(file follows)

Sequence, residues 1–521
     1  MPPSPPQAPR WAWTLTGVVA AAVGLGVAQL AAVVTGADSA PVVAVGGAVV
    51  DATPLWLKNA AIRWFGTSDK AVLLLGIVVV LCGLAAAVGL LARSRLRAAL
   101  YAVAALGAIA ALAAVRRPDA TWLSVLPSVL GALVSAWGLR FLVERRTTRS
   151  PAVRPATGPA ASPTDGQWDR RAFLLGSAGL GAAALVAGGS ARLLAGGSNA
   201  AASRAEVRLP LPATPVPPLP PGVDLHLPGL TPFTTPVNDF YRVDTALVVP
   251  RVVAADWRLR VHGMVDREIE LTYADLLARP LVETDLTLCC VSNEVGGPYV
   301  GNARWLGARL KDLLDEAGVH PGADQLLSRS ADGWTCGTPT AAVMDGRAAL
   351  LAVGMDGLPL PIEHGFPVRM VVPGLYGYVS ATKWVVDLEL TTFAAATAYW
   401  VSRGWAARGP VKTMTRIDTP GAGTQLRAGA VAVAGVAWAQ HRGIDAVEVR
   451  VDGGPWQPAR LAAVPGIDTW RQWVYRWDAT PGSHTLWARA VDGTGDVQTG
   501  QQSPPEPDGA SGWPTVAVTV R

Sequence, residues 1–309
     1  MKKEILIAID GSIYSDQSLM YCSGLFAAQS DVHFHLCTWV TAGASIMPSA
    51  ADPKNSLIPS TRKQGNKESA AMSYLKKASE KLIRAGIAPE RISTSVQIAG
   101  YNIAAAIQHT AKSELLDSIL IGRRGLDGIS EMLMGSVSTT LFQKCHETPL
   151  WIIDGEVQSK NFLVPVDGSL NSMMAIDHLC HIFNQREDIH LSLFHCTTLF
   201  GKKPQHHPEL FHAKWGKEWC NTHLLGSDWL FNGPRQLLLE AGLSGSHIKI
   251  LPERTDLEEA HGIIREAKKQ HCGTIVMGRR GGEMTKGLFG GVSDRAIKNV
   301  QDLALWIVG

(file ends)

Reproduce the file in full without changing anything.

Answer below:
Sequence, residues 1–521
     1  MPPSPPQAPR WAWTLTGVVA AAVGLGVAQL AAVVTGADSA PVVAVGGAVV
    51  DATPLWLKNA AIRWFGTSDK AVLLLGIVVV LCGLAAAVGL LARSRLRAAL
   101  YAVAALGAIA ALAAVRRPDA TWLSVLPSVL GALVSAWGLR FLVERRTTRS
   151  PAVRPATGPA ASPTDGQWDR RAFLLGSAGL GAAALVAGGS ARLLAGGSNA
   201  AASRAEVRLP LPATPVPPLP PGVDLHLPGL TPFTTPVNDF YRVDTALVVP
   251  RVVAADWRLR VHGMVDREIE LTYADLLARP LVETDLTLCC VSNEVGGPYV
   301  GNARWLGARL KDLLDEAGVH PGADQLLSRS ADGWTCGTPT AAVMDGRAAL
   351  LAVGMDGLPL PIEHGFPVRM VVPGLYGYVS ATKWVVDLEL TTFAAATAYW
   401  VSRGWAARGP VKTMTRIDTP GAGTQLRAGA VAVAGVAWAQ HRGIDAVEVR
   451  VDGGPWQPAR LAAVPGIDTW RQWVYRWDAT PGSHTLWARA VDGTGDVQTG
   501  QQSPPEPDGA SGWPTVAVTV R

Sequence, residues 1–309
     1  MKKEILIAID GSIYSDQSLM YCSGLFAAQS DVHFHLCTWV TAGASIMPSA
    51  ADPKNSLIPS TRKQGNKESA AMSYLKKASE KLIRAGIAPE RISTSVQIAG
   101  YNIAAAIQHT AKSELLDSIL IGRRGLDGIS EMLMGSVSTT LFQKCHETPL
   151  WIIDGEVQSK NFLVPVDGSL NSMMAIDHLC HIFNQREDIH LSLFHCTTLF
   201  GKKPQHHPEL FHAKWGKEWC NTHLLGSDWL FNGPRQLLLE AGLSGSHIKI
   251  LPERTDLEEA HGIIREAKKQ HCGTIVMGRR GGEMTKGLFG GVSDRAIKNV
   301  QDLALWIVG